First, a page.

sun 20/08/2017

politics

An Inconvenient Sequel: Truth to Power review - Al Gore's urgent update

When An Inconvenient Truth won the best documentary Oscar 10 years ago, the film’s success marked two significant events: a positive turning point in the campaign to avert environmental catastrophe; and the resurrection of the public career of Al...

Read more...

theartsdesk Q&A: Director Peter Kosminsky, Part 2

It was only at the dawn of the Blair age that Peter Kosminsky truly emerged as a basilisk-eyed observer of the nation’s moral health. By the time New Labour came to power in 1997, Kosminsky had been working for several years on a film which was...

Read more...

theartsdesk Q&A: Director Peter Kosminsky, Part 1

The name will never trip off the public tongue. Millions watch his work - most recently his superb realisation of Hilary Mantel's Wolf Hall. But there is no hall of fame for television directors. It’s only on the big screen that they get to be big...

Read more...

The Majority, National Theatre review – a minority interest

A new plague is sweeping British theatre: audience participation. Instead of just sitting back and enjoying the show, your visit to a venue is now likely to involve voting on the guilt or innocence of terror suspects (as in Terror or Blurred Justice...

Read more...

Prom 29 review: BBCSO, Bychkov - Musorgsky's Khovanshchina sears in concert

"Ura!" as soldiers cry in Russian epic opera's last fling, Prokofiev's War and Peace: supertitles have arrived at the Proms, after much special pleading here and elsewhere. They're needed more than ever in Musorgsky's typically quirky survey of...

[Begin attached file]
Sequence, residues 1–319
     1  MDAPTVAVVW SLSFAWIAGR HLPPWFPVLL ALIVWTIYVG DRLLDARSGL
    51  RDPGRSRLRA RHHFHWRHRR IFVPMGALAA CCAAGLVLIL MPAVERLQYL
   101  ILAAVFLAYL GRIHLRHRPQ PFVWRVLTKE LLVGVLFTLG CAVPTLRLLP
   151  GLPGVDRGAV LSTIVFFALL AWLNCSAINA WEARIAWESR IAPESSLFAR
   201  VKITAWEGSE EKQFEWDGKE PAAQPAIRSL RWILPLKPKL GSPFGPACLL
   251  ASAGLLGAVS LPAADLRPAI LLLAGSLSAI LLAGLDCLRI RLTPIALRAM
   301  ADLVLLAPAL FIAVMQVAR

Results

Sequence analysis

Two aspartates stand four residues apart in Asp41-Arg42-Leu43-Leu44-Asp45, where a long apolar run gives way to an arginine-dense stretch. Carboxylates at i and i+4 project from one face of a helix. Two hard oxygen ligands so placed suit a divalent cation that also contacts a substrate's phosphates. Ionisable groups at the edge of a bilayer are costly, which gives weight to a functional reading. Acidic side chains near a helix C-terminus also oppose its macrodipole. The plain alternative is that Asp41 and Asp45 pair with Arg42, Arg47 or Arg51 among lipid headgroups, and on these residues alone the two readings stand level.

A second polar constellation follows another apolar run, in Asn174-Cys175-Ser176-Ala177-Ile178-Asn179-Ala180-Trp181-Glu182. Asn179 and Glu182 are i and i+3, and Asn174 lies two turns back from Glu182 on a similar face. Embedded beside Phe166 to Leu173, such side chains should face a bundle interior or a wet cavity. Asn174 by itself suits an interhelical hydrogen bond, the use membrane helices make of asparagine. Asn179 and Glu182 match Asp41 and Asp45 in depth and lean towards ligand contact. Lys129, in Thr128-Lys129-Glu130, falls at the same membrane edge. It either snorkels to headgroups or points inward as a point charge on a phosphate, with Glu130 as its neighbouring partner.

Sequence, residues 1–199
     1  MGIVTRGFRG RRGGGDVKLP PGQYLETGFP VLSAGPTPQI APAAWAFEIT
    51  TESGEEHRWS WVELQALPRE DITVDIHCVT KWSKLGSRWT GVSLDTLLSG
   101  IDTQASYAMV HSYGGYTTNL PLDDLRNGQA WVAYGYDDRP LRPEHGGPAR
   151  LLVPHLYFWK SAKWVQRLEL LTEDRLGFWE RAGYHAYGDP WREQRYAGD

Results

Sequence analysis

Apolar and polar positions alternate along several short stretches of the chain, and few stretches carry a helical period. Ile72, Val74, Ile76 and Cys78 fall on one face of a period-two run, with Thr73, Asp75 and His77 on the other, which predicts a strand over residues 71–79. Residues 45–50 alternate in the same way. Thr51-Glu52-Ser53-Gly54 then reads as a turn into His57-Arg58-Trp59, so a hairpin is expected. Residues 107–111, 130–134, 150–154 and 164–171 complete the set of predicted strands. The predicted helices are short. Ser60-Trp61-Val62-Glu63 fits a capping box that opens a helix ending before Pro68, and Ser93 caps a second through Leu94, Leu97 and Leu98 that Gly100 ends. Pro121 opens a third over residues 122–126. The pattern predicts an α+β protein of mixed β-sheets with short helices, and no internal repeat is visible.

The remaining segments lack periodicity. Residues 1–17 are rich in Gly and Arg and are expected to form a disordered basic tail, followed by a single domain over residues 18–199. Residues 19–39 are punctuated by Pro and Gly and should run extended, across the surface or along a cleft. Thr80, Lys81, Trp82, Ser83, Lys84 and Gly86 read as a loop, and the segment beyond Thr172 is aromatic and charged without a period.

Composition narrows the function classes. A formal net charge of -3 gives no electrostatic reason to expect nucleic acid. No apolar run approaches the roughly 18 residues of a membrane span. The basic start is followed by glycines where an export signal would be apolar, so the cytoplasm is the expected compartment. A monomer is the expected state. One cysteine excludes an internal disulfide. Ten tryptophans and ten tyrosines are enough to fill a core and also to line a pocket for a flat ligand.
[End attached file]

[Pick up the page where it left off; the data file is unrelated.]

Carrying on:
Read more...

A Tale of Two Cities, Regent’s Park Open Air Theatre review - it was the longest of times

Much loved, yes. But Dickens’s novel is probably little read by modern audiences and so a chance to see a new adaptation of this tale of discontent, riot and general mayhem set in the French revolution and spread across London and Paris in the late...

Read more...

Committee review - we're all on trial in new Kids Company musical

A memorable 2015 parliamentary select committee hearing asked Kids Company CEO Camila Batmanghelidjh and chair of trustees Alan Yentob whether the organisation was ever fit for purpose. Tom Deering, Hadley Fraser and Josie Rourke’s new verbatim...

Read more...

Jonathan Miles: St Petersburg review - culture and calamity

Talk about survival: St Petersburg, Petrograd, Leningrad, now again St Petersburg, all the same city, has it nailed down. It was founded through the mad enthusiasm, intelligence, determination and just off-the-scale energy of Peter the Great in 1703...

Read more...

Chris Patten: First Confession - A Sort of Memoir review - remembrances of government and power

It’s 25 years since Chris Patten lost his seat as Conservative MP for Bath. The 1992 election was called by an embattled prime minister, bruised by the Maastricht Treaty (remember “the bastards”?). Neil Kinnock had been expected to win, Labour ahead...

Read more...

theartsdesk at Glastonbury Festival 2017

It’s a Tweet-age Glastonbury aftermath. It’s monsooning grey outside. The real world’s back, consensus reality fast encroaching. Everything’s moved on, spun to the next thing as we A.D.D. onto Wimbledon, Hard Brexit or whatever. Even my 14-year-old...

Read more...

Risk review - Assange unravels

Julian Assange’s white hair marks his public persona. To some he’s an unmistakably branded outsider, or a lone white wolf hunting global injustice. Hollywood would cast him as the coolly enigmatic superhero who’s revealed as the supervillain in the...

Read more...

Ink, Almeida Theatre review - The Sun rises while show sinks

The recent general election result proves that the power of the rightwing press has diminished considerably in the digital age, but there was a time when media magnate Rupert Murdoch could make grown-up politicians quake in their socks. James Graham...

Read more...
Subscribe to politics